When I told a few people at a dinner party last night that I was limiting my wine consumption since I had to be sharp for my interview with Michael Eisner the next morning, no one asked me, “Who?” Eisner’s last name alone is enough to raise eyebrows and see heads nod. As the top executive at ABC, Paramount Pictures and then Disney, his ability to turn out hits, make money and transform companies are legendary. (He’s also just as famous for a not-so-smooth exit from Disney in 2005. But that’s another story.)
Eisner was in Sarasota January 19 as the first speaker at the Ringling College Library Association Town Hall lecture series at Van Wezel Performing Arts Hall. He’s now the founder and owner of The Tornante Company, a privately held company that invests in, acquires and operates companies in media and entertainment. At a pre-lecture press conference and in front of a sold-out audience in the hall, Eisner was relaxed and a little self-deprecating when describing himself: “I don’t know my leadership style. I guess I’m a little less crazy. I have less hair. I’ve written several books on leadership [but] I still have no idea what I’m talking about.”
Eisner mostly talked about the importance of partnerships, the new media landscape, circus elephants and, oh, yes, did we know that his original Netflix show, BoJack Horseman, took the top prize at the 21st annual Critics Choice Awards last weekend?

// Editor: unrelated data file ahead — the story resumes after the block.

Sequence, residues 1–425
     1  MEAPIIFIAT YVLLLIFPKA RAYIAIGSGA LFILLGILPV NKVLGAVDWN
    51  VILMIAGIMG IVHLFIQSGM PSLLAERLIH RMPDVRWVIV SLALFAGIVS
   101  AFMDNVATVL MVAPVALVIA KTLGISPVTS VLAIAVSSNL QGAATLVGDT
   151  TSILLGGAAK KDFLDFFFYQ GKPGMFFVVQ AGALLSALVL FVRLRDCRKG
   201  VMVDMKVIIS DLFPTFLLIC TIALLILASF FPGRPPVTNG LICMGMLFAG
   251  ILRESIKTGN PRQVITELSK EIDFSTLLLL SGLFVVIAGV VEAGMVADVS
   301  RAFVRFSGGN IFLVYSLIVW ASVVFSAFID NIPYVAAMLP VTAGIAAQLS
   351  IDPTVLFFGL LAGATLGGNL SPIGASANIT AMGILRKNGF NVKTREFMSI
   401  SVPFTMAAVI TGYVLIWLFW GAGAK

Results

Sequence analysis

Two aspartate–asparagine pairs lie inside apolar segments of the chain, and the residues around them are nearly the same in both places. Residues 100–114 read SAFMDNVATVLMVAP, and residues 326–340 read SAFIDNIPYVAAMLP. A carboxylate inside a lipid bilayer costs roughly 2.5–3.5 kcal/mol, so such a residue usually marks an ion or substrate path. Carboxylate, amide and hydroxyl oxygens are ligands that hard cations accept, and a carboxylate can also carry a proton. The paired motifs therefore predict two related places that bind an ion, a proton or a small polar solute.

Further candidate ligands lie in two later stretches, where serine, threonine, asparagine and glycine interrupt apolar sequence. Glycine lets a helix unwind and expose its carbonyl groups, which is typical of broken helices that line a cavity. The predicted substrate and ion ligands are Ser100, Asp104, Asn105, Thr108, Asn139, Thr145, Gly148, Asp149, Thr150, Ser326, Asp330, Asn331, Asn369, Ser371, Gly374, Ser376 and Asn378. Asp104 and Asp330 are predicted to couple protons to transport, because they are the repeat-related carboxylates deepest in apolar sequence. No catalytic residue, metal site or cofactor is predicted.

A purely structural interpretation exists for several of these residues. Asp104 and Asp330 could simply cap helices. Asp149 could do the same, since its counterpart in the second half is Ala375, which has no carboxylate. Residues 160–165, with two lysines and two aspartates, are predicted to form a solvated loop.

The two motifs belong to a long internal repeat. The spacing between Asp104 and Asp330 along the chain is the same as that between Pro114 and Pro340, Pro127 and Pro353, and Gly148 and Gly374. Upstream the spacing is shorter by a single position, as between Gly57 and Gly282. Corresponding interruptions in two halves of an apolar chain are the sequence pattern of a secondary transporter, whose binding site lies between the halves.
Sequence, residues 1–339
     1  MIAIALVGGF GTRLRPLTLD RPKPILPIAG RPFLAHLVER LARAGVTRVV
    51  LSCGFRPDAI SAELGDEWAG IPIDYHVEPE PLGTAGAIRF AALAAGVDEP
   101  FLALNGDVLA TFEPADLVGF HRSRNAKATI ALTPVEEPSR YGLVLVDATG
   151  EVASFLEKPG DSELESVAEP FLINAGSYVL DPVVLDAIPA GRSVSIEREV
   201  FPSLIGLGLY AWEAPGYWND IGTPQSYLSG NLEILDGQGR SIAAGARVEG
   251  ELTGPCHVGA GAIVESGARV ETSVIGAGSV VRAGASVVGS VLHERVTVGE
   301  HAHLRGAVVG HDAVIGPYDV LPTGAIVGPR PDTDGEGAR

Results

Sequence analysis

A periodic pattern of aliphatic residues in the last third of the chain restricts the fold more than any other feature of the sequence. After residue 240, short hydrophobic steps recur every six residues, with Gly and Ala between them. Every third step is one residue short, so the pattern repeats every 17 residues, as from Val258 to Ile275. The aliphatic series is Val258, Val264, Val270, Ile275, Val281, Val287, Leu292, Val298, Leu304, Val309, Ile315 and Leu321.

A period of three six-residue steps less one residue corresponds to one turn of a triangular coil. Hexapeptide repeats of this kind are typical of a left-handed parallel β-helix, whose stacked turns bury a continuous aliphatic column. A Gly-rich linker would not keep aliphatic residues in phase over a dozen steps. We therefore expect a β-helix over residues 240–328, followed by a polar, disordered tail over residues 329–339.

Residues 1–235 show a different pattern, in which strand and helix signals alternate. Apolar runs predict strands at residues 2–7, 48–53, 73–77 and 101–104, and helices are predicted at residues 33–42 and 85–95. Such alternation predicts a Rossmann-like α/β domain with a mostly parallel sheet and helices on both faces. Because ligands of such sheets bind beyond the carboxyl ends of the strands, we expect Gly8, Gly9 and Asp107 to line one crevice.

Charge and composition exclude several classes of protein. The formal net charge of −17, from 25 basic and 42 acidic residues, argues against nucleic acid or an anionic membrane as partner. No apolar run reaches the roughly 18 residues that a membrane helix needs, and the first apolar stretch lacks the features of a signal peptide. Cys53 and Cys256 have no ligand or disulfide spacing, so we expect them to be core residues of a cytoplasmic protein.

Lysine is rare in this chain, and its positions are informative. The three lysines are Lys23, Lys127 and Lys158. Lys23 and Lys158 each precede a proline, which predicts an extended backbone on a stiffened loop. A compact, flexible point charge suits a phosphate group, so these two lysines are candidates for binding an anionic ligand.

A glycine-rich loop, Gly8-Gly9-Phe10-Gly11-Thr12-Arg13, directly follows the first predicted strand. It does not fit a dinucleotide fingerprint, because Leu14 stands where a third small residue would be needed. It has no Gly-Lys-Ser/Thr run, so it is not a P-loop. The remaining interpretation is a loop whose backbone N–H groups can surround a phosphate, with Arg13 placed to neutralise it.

Eisner says the media landscape has changed with over-the-top streaming services like Netflix, Amazon and Hulu beginning to dominate the marketplace. Networks and cable channels are “very nervous,” he says, as they wonder just how big Netflix, which is spending $5 billion on original content and is in 192 countries already, and other third party services will grow. (One estimate puts them at more than 330 million global subscribers in three years.) ESPN, which Eisner brought under the Disney umbrella about 20 years ago, announced recently that it has just gone from 98 million cable subscriber homes to 92 million homes. “That created a market run of all the historic broadcasting cable companies,” he says, adding that streaming Internet shows require a fraction of the time and cost to produce and have no limits on creativity. And viewers can watch them anytime, anywhere. “It’s changing the world,” he says.
But most of Eisner’s talk was about success in business. Partnerships are paramount, he says, referencing his book, Working Together: Why Great Partnerships Succeed, which describes his own happy partnership with Frank Wells at Disney and those of other business and entertainment titans. It’s important to find the right partner, of course. We have to look for what he calls “extreme compatibility” and “unqualified loyalty.”
The other ingredients Eisner puts in his box are creativity, financial discipline, micromanagement (“It’s really shorthand for saying managers should be involved in every facet of the operation and assume responsibility.”), meticulous brand-building (“I find brand-building to be like a pointillistic painting. Every toy, attraction, performance, topiary is another dot in the brand.”) and tolerance of failure (otherwise all you have in your organization is mediocrity since people are afraid of less than perfection).
And about those circus elephants that Feld Entertainment just announced it would be retiring this year? “I don’t know any elephants personally,” he says. “I’ve had a long relationship with the Felds because of Disney on Ice. If, in fact, elephants or any animals are abused or caged, that’s probably a good end.”